Why Aren't There More Girls in Leadership Roles

Why Aren’t Their More Girls in Leadership Roles
Is there an unbreakable barrier that keeps us women from rising to the upper rungs of the
Corporate ladder? "The Glass Ceiling Effect," is it possible for us to break through the glass and
Prove our achievements and self-worth? Alternatively, is it myth or reality, are we held back
Through gender inequality? Are we less effective, or does society expects us to be?
Growing up in my family, my mom stayed home and took care of us children, and my
Dad was the hard-working breadwinner.   I grew up thinking this is how life was supposed to be.
The 1970's began a time when women were just stepping forward to be independent, leaving the
role as full-time mother and into working roles. The term "Glass Ceiling," today can be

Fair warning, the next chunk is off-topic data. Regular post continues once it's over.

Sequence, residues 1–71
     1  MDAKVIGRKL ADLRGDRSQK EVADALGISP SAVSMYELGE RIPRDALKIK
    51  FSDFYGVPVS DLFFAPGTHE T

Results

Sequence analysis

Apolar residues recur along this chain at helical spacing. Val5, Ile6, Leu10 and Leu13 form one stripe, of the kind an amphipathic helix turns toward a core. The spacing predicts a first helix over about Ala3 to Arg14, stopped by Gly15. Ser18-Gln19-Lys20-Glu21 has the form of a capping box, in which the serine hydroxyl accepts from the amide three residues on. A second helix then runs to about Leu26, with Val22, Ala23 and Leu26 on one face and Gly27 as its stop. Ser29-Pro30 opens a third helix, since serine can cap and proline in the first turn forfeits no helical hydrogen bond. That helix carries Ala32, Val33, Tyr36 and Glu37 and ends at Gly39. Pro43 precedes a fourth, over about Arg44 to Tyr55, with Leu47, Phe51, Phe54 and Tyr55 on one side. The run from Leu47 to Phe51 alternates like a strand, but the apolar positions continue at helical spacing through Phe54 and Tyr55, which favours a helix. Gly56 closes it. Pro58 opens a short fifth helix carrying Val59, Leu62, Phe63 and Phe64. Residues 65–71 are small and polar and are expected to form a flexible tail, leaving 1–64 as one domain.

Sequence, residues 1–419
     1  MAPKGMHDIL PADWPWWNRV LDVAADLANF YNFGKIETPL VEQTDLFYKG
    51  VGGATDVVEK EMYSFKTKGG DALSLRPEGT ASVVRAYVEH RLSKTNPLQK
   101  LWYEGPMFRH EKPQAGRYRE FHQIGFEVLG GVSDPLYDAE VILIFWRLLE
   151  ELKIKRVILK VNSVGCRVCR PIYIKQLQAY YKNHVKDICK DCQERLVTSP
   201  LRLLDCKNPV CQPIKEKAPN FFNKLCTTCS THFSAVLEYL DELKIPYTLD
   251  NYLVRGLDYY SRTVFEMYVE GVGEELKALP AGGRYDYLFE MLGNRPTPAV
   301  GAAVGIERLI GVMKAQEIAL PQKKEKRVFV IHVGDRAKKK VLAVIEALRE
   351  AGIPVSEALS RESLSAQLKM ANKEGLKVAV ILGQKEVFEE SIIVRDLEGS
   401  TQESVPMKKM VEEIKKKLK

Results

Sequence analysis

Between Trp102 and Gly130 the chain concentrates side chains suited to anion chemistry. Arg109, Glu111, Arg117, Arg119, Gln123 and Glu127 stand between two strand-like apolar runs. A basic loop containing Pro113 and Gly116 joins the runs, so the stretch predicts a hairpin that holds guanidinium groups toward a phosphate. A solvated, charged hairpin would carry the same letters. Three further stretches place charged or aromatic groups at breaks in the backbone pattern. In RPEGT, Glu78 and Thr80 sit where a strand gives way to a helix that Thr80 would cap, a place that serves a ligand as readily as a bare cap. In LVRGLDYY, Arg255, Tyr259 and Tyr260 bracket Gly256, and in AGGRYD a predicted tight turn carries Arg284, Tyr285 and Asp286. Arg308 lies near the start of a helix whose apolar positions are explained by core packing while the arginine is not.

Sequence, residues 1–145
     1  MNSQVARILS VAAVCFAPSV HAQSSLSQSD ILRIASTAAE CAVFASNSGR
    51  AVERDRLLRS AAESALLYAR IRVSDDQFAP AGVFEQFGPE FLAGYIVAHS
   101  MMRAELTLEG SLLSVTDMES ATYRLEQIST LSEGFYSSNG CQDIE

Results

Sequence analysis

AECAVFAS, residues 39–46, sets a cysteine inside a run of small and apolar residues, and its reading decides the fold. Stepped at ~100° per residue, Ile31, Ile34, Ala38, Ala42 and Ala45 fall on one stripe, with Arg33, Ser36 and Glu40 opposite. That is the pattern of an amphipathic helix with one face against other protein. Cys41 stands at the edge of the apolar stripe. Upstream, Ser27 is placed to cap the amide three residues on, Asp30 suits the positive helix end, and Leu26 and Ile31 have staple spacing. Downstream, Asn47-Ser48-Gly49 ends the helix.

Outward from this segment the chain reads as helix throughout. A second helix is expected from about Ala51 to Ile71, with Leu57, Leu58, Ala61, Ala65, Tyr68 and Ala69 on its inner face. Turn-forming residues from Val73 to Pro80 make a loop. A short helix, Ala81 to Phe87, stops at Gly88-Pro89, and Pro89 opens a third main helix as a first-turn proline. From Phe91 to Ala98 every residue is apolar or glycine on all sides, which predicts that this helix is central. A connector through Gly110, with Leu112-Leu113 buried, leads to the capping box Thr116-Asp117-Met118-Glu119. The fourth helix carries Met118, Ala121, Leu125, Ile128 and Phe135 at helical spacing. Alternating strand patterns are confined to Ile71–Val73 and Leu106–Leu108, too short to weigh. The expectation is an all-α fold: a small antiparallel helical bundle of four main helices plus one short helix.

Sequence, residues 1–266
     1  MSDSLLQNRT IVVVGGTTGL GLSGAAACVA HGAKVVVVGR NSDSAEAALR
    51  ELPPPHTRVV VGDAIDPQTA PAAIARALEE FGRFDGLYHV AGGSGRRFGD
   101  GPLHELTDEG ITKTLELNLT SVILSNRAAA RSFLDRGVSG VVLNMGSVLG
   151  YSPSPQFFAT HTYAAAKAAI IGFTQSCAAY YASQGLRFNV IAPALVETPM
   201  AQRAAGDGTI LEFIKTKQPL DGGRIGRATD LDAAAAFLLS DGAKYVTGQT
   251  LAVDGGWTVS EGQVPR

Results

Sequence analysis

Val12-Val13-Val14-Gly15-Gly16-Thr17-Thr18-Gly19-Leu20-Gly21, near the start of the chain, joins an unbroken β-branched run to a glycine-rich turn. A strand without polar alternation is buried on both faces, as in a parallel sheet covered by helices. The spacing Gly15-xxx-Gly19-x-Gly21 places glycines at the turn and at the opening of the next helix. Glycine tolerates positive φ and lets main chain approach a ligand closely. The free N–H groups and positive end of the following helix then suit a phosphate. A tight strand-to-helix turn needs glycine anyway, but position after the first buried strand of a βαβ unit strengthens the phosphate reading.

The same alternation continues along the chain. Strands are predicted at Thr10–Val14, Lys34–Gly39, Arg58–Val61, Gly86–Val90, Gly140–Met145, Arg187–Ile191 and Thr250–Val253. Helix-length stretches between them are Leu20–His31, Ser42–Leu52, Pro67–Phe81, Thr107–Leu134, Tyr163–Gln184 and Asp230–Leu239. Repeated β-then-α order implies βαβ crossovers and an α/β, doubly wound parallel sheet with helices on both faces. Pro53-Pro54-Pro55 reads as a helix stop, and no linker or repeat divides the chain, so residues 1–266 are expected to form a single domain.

interpreted in different ways. Some think that it is the woman holding herself back, and some
feel that it is the force of gender inequality.
The term Glass Ceiling, originally introduced in 1979 by Katherine Lawrence of Hewlett-
Packard at the Women's Institute for Freedom of the Press Conference. This was part of an
ongoing discussion of a clash between written policy of promotion versus action opportunities
for women at HP. The term was brought about by Lawrence and HP Manager, Maryanne
Schrieber. Why are so many women in the workforce being held back regardless of their
qualifications and or achievements? Is it due to performance? Biology? Not bold enough? These
are just a few of the current arguments.

There are many different beliefs as to what holds women back, Facebook's COO Sheryl
Sandberg stated in a 2010 interview that women systematically underestimate their abilities; that
they do not negotiate for themselves, and they do not attribute their success to outside resources.
She also went on to offer advice for women, "Sit at the table, and make your voice heard."   Not
everyone agrees with Sheryl Sandberg's belief...Sue Paish CEO of Pharmasave Canada and Chair